Holiday greetings from Louisiana, Texas, Nebraska, Missouri (state capitol building in Jefferson City pictured), Kansas, Iowa and Colorado. Seven states and 2,300+ miles in two weeks as we are closing out the year with a bang at American Broadband. Looking forward to a couple weeks’ recharging at Patterson West in Fraser, Colorado, with family, then unpacking a few more boxes back in Missouri to properly celebrate the New Year. Happy (and safe) Holidays to each of you.
This week, after the normal market commentary and a brief peek into Apple iPhone 13 backlogs, we are going to succinctly define the five events that we thought had the biggest impact in 2021. It’s hard to limit our discussion to five and even harder to be brief, but we promise to do both. We will have a lengthier column on January 2 to preview the upcoming Consumer Electronics Show.
Many thanks to Fierce Telecom for putting together a robust virtual discussion on the future of rural broadband (part of their Digital Divide Summit). Our panel was chaired by Craig Moffett of MoffettNathanson, and included Claude Aiken of WISPA, Prasad Kodaypak of Radisys, and Richard Rommes of Harmonic. A full replay of our panel is here. Looking forward to future opportunities to discuss this transformational topic.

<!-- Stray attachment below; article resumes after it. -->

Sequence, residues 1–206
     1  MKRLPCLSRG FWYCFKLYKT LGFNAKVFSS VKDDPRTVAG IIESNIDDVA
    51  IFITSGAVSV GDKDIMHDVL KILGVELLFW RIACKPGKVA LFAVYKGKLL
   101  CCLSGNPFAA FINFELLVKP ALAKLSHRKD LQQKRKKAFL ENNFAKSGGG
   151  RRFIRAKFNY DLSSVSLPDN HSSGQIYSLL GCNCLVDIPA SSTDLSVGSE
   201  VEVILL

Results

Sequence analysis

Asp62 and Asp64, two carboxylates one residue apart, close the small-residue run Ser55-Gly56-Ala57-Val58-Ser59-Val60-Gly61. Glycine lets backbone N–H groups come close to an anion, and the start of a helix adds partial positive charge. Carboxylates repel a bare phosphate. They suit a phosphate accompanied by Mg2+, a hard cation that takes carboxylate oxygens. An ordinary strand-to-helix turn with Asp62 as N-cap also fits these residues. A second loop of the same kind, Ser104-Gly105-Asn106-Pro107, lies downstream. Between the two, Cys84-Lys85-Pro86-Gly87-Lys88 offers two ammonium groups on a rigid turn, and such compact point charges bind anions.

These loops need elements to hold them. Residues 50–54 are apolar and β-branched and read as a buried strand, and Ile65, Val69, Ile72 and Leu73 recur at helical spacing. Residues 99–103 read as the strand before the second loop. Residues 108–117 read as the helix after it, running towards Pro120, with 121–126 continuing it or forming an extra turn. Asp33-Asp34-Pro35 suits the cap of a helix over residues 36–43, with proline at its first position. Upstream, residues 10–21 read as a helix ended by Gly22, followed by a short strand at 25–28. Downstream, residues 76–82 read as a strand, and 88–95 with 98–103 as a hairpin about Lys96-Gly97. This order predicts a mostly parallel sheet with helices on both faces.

Speaking of Craig, kudos and congratulations are in order as they announced the sale of MoffettNathanson to SVB Financial Group, a division of Silicon Valley Bank (full announcement here). Their telecom team insights influence our thinking here at The Sunday Brief, and I am sure we are not alone. A terrific way to close out the year for the entire MoffettNathanson team.
The Week That Was
Another choppy fortnight of trading as the Fab Five continued to gain (+$228 billion over the last two weeks) and the Telco Top Five marked time ($-1 billion). Apple and Facebook accounted for all of the Fab Five change, with small gains at Google and Amazon netting against a modest loss for Microsoft. Whether a Santa Claus rally will propel 2021 gains above 2020’s $2.57 trillion level is anyone’s guess, but our beginning of year prediction that we would not see pandemic gains like 2020 in 2021 is likely to be dead wrong. The ramifications of market capitalization concentration have yet to be seen, but, as we have chronicled in many Briefs, wireless and wireline telecommunications are now features of the cloud, not separate standalone businesses.